Unfortunately, after most of the resistance was captured or killed, blacks were killed indiscriminately in Elaine, AR. There are reports of black men being shot while running away from white mobs. Many eyewitness accounts report the killing of women and children. The troops often opened fire on unarmed civilians with machine guns. The exact number of blacks killed will never be known. Most of the bodies were burned in large pits to allow for quick disposal.  Many blacks fled Arkansas and created new lives in the North and West.
There is no record of Robert Hill participating in the fighting. However, there was a special search made for him. He was able to escape to Boley, OK an all-black town in Oklahoma then moved to South Dakota to evade capture. . He finally settled near Topeka, KS.
Topeka police captured Hill in 1920. He had written a friend in Arkansas to let people know he was safe. The friend asked to meet him in Kansas City, MO. Hill agreed, and the friend tipped off the authorities.
The NAACP took the defense of Hill. After a prolonged legal battle, the NAACP prevented Hills extradition to Arkansas. Hill took an assumed name and worked for the Santa Fe Railway for forty years. In gratitude to the NAACP, he served in the Topeka NAACP for many years. He died in 1963.
Most of the black resistance was captured by October 3. A few hundred people were put into makeshift jails to await trial.  The result of the original trial cause 12 men to be sentenced to death, 273 to pleas for second-degree murder, and a few had the case dismissed. Details on the trail and the landmark Moore vs. Dempsey case will be in next week’s Leader analysis.
No transcripts or recordings could be found of his speeches. However, L.S. Dunaway said, “Hill’s influence over the less intelligent Darkey was something marvelous.” According to Dunaway Hill said this:
“He had them believing that by standing together the negroes could make the white people divide with them in the matter of land ownership, and that if a peaceable division could not be obtained, then the negroes, outnumbering the whites about ten to one in that section, would “rise up and march on the whites with high-powered rifles and shotguns, thus showing the strength of the colored race.” p 107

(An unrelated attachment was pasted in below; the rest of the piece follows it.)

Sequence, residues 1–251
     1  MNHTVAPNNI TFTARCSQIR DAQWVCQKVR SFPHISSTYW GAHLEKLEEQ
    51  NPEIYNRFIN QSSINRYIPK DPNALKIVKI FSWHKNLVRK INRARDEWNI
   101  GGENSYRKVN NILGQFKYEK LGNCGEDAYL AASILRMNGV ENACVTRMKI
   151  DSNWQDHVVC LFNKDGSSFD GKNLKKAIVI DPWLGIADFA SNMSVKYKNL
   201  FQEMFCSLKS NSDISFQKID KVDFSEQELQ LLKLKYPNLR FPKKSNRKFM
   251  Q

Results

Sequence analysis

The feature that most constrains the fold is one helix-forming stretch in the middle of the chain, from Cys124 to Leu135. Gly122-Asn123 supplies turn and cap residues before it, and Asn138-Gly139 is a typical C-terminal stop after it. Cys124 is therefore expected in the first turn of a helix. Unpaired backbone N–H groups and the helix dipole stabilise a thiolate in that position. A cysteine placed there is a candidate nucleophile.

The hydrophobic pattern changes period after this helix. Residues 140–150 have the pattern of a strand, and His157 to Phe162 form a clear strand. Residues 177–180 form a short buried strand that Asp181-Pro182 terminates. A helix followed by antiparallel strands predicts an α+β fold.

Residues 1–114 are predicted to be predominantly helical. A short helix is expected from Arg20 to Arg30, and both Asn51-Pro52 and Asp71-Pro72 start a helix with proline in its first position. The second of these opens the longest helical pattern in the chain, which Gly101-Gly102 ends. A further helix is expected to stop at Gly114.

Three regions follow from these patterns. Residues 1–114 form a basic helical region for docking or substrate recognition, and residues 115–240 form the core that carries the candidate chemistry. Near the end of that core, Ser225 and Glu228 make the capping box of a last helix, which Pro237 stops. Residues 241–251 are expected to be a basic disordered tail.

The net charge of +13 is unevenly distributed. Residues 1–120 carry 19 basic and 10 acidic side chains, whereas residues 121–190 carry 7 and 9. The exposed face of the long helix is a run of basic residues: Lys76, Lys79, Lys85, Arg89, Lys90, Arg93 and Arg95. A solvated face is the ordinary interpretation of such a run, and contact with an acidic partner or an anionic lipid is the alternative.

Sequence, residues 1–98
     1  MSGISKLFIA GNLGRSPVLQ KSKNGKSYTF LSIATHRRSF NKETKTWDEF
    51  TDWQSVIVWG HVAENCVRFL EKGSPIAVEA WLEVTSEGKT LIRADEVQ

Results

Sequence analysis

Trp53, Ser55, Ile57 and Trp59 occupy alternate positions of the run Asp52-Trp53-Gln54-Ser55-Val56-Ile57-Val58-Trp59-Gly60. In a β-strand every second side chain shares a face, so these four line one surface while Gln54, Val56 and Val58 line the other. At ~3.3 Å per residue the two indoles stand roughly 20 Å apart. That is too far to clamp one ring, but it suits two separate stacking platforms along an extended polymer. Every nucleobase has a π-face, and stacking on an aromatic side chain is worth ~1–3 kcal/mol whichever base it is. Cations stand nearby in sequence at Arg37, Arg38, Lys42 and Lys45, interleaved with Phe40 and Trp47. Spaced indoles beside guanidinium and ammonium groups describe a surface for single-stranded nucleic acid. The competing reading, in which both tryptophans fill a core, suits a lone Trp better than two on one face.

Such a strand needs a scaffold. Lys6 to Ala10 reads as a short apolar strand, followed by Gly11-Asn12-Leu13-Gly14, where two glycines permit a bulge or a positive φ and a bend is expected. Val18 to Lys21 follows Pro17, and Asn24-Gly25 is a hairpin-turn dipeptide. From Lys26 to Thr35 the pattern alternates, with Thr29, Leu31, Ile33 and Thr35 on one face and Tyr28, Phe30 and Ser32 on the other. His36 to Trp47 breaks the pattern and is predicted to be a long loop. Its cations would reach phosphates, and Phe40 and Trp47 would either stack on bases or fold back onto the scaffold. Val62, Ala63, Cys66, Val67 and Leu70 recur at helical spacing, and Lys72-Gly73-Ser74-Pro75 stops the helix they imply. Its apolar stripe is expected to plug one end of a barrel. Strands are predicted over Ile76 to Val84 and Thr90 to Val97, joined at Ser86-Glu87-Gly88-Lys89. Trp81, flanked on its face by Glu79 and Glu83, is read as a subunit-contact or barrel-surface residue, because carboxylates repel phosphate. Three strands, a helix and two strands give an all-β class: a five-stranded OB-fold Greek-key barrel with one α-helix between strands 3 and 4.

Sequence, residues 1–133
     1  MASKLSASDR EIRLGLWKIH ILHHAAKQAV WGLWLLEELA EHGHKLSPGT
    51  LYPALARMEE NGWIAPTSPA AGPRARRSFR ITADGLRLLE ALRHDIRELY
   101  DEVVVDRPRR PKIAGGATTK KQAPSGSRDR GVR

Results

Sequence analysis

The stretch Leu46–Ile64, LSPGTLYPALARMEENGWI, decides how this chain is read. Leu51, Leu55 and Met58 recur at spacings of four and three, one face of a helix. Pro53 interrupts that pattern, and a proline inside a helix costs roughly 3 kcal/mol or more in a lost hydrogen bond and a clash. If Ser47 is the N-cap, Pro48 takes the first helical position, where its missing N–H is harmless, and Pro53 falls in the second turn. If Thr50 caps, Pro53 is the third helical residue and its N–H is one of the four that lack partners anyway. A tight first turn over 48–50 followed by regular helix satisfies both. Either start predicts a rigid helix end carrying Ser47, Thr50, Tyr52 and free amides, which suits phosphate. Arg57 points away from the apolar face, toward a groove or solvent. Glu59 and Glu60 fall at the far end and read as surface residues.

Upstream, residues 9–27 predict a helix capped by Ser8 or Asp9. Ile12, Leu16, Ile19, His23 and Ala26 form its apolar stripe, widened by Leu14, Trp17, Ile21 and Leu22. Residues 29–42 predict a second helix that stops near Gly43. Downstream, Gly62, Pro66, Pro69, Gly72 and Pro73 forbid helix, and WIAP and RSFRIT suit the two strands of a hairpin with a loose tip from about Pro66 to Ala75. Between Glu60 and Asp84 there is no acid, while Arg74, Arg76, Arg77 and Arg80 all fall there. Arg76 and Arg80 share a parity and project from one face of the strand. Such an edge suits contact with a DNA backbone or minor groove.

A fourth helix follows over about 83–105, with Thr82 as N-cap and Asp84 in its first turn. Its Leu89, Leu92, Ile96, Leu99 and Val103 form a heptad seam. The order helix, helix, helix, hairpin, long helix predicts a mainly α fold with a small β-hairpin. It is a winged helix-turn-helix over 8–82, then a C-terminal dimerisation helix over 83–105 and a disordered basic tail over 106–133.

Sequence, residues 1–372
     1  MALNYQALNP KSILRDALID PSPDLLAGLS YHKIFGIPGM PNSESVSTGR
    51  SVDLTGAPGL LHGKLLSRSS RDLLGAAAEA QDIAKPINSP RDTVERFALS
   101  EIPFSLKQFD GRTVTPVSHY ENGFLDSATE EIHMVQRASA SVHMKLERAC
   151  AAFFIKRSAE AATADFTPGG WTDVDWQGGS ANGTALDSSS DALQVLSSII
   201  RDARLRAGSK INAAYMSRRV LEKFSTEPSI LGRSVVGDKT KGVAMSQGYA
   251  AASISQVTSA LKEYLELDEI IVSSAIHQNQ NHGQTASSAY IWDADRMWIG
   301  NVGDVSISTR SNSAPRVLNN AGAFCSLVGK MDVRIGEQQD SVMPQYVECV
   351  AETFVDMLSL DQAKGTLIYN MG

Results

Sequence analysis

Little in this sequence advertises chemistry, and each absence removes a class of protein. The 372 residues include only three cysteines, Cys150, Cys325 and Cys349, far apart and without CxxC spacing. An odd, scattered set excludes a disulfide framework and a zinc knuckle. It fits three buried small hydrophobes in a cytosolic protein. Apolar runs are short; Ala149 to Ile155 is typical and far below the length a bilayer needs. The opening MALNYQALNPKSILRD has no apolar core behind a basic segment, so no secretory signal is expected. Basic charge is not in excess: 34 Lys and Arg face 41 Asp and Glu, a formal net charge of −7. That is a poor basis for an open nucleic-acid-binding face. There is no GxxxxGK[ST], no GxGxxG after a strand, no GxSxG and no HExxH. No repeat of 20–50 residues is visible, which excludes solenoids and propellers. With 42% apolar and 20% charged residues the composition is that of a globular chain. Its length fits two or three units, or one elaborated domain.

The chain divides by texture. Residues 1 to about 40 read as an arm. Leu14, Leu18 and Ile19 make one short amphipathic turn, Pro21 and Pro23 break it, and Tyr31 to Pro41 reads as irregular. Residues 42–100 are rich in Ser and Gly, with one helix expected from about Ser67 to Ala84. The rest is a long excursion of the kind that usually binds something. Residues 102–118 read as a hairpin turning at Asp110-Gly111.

For the sake of analysis, the statement’s truth will be assumed. The statement expresses an Orange level understanding of the situation of black people. Hill understands the underlying problem is economic, and once others realize that the real issue is money, poor whites and blacks are natural allies. The statement shows that Hill ultimately saw the struggle beyond racial lines.
Hill obviously was not against using physical force to protect members of his movement. He also made it clear to his followers that they had numbers in the town of Elaine and that they should not be intimidated by white people. The use of physical force is a precarious subject in black empowerment. The Elaine Massacre goes to illustrate this point. It is hard to speculate on what would happen if the black people of Hoop Sur did not have guards for the September 30 the meeting. Maybe the whites would have simply broken up the meeting, which there is little historical precedence. More than likely they would have hung Hill. It is also most probable they would have burned Helena to the ground if there had been no resistance on October 1st. The white mob of 500 to 1,000 people did not come to take six suspects peaceably. However, the result was the killing of 250 to 850 blacks in southeast Arkansas. Ultimately, white people have the firepower and numbers nationally. A large scale attack or defense will produce an outcome similar to the Elaine Massacre.
- Krugler, David (2-26-2015) America’s Forgotten Mass Lynching. from http://www.thedailybeast.com
- (5-25-2012) Causes of the 1919 Race Riots from https://socialistworker.org/
- Stockley, Grif (08-01-2016) Elaine Massacre from http://www.encyclopediaofarkansas.net
- Johnson, J (02-27-2013) Evanescence The Elaine Massacre from http://greenmountainsreview.com/
- Widell, Robert (08-2002) Blood In Their Eyes Review from http://www.h-net.org
- Dunaway, L.S. (1925) What a Preacher Saw Through a Keyhole in Arkansas
- (May 2016) Never Forget America’s Mass Lynching from https://blackmainstreet.net/
- (05-07-2011) Race Riots of 1919 from http://www.globalsecurity.org/
- Gruber, John (02-26-2015) Robert Lee Hill from http://www.encyclopediaofarkansas.net